- the Uthwatt Committee into compensation and betterment (1942)
- (later) the Reith Report into New Towns (1947)
- the Barlow Commission (1940) into the distribution of industrial population
- the Scott Committee into rural land use (1941)
Patrick Abercrombie developed a plan for the reconstruction of London, which envisaged moving over 1,500,000
people from London to new and developed towns.
The effect of these report were:
- The New Towns Act 1946 and
- The Town and Country Planning Act 1947.
The 1947 Act nationalised the right to develop land that required most proposals to
obtain planning consent from their relevant local authority (there was a right of appeal).
Download documents and diagrams of
The Planning Act required local authorities and councils to develop Local Plans or
Unitary Development Plans to schedule the kind of development they would prefer and to mark special
development areas on Local Plan Maps. Counties were to develop Structure Plans which set broad targets for the
wider area. Structure Plans were expensive in timing and delays evolved meaning that many structure plans were
no longer relevant by the time they were formally adopted.
The frustrated planning system received a number of alterations consolidated in the Town and Country Planning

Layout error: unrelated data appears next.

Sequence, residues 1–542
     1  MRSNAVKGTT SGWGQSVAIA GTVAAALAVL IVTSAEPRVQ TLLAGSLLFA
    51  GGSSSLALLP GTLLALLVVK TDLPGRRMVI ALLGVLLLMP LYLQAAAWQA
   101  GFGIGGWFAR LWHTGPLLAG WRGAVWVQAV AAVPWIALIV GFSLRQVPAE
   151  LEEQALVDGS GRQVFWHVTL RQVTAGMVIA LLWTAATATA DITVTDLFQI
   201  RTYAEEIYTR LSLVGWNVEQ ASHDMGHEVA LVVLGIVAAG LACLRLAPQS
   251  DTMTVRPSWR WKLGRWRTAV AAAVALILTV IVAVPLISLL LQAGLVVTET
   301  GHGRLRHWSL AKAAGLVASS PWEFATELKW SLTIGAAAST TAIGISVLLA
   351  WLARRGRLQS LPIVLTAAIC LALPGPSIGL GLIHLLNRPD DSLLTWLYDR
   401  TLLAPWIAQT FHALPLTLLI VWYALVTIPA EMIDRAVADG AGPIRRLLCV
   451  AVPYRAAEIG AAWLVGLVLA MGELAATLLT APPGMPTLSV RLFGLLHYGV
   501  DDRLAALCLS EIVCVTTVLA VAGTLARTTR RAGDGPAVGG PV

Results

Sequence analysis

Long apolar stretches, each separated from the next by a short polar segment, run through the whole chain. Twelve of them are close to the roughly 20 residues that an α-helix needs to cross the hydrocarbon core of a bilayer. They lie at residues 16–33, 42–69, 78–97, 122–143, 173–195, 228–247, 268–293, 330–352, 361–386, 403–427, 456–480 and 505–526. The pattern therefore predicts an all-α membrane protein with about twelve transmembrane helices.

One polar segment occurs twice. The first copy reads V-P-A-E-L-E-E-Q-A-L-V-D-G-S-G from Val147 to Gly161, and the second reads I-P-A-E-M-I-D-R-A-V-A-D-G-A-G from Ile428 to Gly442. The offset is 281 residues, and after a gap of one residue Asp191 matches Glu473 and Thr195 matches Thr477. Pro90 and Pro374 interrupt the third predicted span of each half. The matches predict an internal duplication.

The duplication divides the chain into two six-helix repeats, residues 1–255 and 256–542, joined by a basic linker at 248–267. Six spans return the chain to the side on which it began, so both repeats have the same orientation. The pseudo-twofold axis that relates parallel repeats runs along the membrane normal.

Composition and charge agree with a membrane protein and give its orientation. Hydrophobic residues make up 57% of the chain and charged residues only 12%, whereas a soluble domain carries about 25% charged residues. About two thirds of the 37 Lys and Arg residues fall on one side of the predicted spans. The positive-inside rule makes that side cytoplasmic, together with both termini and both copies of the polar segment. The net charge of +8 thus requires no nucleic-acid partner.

Act 1990 (TCPA 1990). Section 106 substantially re-enacted Section 52 from the former Act which set the
framework of agreements (known as "planning obligation agreements" or more commonly "Section 106 agreements")
where the developer or home owner is subject to an extra set of detailed arrangements and restrictions well
beyond those which a typical planning condition could impose. This could include the provision of
a financial contribution beyond the immediate building costs in order to compensate for the
'theoretical' external effects of the development onto the local area such as transport and road
Due to the complex & inefficient mechanisms within the 106 legal agreement route it was soon
amended to allow a developer to accept a unilateral obligation to streamline the system which mainly
involved the local authority in receiving a sum of money from the Developer / home owner. This was meant to
stop the Council from withholding permissions by their own failure to negotiate on such detail within a
106 legal agreement.
Linked to this principal Act were 3 further Acts related to planning:-
- The Planning (Listed Buildings and Conservation Areas) Act 1990
- The Planning (Hazardous Substances) Act 1990.